Much ado has been made about Joel and Ethan Coen’s legendary Twin Cities roots. From the cheesy Minnesota colloquialism in William H. Macy’s accent in Fargo to their magnum Minneapolis opus, the St. Louis Park epic A Serious Man, these two natives have never left their home far behind. But now, springing up in the twin cities, is a book about one of their least Minnesotan films, the quintessentially Los Angelic The Big Lebowski, The Big Lebowski: An Annotated History of the Greatest Cult Film of all Time. Jenny Jones, author of The Annotated Godfather and formerly of the Oak St. Cinema and the Walker Art Center, traces her connection to the Coens back to before their first film hit the screens; Jones and Ethan both served a stint working at St. Paul’s legendary Embers Restaurant, but her own explorations into Lebowski are only the beginning. Through two hundred plus pages, Jones’ book delves into the personal stories behind the film, from interviews with actors and crew members to the links between Lebowski and films as disparate as The Good the Bad and the Ugly and The Wizard of Oz.
As a brief introduction to the intellectual project of the book, Jones agreed to talk a little about The Big Lebowski’s Minnesota roots and its connection to the Coens’ larger project. Jones began this point by talking about the film’s production and release, particularly its connection to Fargo. The script for Lebowski was finished before Fargo’s, yet the peculiarities of shooting schedules meant that Fargo was shot earlier and released a full two years before Lebowski. Their link however is undeniable, built not only on their temporal overlap, but also on the ways the films mirror each other.
Fargo is a fictitious film masquerading as a documentary, due mostly to one screen claiming that:
“THIS IS A TRUE STORY. The events depicted in this film took place in Minnesota in 1987. At the request of the survivors, the names have been changed. Out of respect for the dead, the rest has been told exactly as it occurred.”
Meanwhile The Big Lebowski, one of the most stylized, and least realist films in the Coen’s filmography, is actually based on real events that took place in Hollywood. While there was no money buried in northern Minnesota (though according to legend many would-be treasure hunters have gone up there looking) there is a man in Los Angeles who had a ratty old rug that “tied the room together” and who once went after a high schooler who left a piece of homework in his stolen car.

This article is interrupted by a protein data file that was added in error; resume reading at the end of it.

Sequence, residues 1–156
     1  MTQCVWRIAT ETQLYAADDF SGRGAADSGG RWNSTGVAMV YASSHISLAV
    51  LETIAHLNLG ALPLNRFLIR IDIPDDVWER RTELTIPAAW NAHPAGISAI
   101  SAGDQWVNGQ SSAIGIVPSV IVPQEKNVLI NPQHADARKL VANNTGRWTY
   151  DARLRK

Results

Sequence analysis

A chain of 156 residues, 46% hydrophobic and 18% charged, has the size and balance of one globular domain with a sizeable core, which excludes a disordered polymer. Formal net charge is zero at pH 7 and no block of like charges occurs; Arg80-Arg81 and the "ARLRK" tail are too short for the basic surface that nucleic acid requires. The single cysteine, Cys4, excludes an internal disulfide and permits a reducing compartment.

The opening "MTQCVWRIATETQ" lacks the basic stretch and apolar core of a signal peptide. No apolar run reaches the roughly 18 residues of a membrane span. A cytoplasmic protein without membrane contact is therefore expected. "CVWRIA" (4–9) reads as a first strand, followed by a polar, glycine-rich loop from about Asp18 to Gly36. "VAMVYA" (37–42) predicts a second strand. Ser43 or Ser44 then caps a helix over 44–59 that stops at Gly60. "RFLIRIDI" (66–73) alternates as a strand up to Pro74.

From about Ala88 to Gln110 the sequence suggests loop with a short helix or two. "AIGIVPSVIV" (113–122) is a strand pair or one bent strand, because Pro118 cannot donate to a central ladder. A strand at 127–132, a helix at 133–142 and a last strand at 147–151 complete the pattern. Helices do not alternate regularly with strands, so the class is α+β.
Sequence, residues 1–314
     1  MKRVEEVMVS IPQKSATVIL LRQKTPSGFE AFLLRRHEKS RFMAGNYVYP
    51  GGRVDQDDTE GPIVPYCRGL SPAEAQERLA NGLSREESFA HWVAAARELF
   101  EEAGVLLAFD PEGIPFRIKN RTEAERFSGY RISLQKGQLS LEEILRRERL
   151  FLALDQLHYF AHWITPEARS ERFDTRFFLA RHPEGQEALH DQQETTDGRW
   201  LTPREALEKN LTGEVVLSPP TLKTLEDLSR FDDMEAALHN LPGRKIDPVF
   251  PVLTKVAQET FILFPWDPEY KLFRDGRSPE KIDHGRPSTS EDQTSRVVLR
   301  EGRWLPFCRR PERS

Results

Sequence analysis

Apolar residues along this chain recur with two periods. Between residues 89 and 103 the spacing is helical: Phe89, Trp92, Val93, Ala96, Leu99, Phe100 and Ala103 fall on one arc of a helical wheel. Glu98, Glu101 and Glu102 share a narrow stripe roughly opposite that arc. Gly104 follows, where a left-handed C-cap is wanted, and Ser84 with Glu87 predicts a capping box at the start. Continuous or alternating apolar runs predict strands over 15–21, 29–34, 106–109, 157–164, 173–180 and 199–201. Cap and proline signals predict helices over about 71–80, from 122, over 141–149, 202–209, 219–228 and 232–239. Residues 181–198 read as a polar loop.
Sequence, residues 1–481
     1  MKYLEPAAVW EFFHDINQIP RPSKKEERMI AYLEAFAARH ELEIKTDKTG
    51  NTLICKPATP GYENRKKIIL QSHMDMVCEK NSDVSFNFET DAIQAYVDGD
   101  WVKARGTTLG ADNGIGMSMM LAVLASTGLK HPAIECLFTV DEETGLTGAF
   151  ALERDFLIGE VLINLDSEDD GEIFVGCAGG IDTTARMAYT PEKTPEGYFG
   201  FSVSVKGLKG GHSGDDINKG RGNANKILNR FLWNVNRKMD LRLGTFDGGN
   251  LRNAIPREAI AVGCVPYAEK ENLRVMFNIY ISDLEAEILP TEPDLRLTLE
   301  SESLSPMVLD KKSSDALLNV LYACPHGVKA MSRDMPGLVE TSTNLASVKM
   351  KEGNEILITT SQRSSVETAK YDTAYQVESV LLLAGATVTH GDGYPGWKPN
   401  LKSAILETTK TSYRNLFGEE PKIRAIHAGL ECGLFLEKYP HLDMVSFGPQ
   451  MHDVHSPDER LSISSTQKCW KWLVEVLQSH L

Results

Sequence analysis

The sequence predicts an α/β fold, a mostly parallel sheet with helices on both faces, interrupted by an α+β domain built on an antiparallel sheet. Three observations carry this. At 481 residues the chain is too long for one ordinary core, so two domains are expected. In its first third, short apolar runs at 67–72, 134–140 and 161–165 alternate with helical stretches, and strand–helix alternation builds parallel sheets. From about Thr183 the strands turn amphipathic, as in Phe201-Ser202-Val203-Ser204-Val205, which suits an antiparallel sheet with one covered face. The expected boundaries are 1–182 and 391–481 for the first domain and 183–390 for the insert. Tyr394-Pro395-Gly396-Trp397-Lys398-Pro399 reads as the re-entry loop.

Lebowski is also a very Minnesotan film, despite its Los Angeles exterior. The Coens have never truly felt comfortable in the stifling Los Angeles climate, and so Lebowski–their film most explicitly about that culture–cannot avoid its own perspective. Lebowski is a film about the view of L. A. from Minneapolis. Whether it’s the Dude’s (or Walter’s or the Stranger’s) seemingly out of place personality traits, or the deliberate name-dropping that Bunny Lebowski is a runaway from Moorhead Minnesota, this film is full of people who don’t fit into Los Angeles, just like the Coens themselves. The Dude even takes his name from a Minnesotan; the Coens had a friend growing up named Jeffrey Lebowski. Fargo, on the other hand, is a very Hollywood story, despite its Minnesotan exterior. The completely fabricated story, partially based on the very Californian idea that “there’s gold in them there hills,” is more linked to the history of gritty films noir and west coast detective novels that inspired the Coens as early as Blood Simple (whose title is taken from a Dashiell Hammett line). While the Coens saw the Dude as the anti-Phillip Marlowe, a sort of bumbling non-detective who stumbled into a world of thugs and intrigue, Marge Gunderson of Fargo is really more of a mid-westernized hardboiled detective. Would Marge have done a better job in the Dude’s position? Probably, buy that is only speculation. What is apparent through their split personalities is that both Fargo and Lebowski have carved themselves a space halfway between Minneapolis and Hollywood.
Jones’ intimate knowledge of the Coens was also bolstered by her time helping to organize the Regis Dialogue and Retrospective held at the Walker in 2009. In person, and in her book, she is full of the kind of quips only accessible to a serious aficionado. “The Coens love playing with people of different heights. The nihilists span from 6’7” to 5’4”, which actually caused a lot of trouble for them to all be framed in the same shot,” or “the Coens love putting big guys into small cars.” With a blend of intimate knowledge, research, history, and interviews, The Big Lebowski: An Annotated History of the Greatest Cult Film of all Time puts forward a variety of understandings of one of the Coens’ biggest hits. How do I know so much about this book? In the spirit of full disclosure, I was involved in much of the background for this book, working as a research assistant for Jones and earning an acknowledgement that is one of the kindest compliments I’ve ever received.
To promote her new book, Jones will be attending a few events around town where you can ask her your own questions about this film. On October first and second, she will introduce a screening of The Big Lebowski (on 35mm film even!) at the Trylon microcinema, and sign books after the screening at the Trylon’s new neighbor, Moon Palace Books. On October tenth you’ll have your own opportunity to be a part of the movie, when Jones judges a Lebowski-themed costume contest at Subtext Books. The book is on shelves at book stores and Urban Outfitters near you, and will even make it to the Walker Shop. The book even received a brief write-up in this week’s New York Times Sunday Book Review.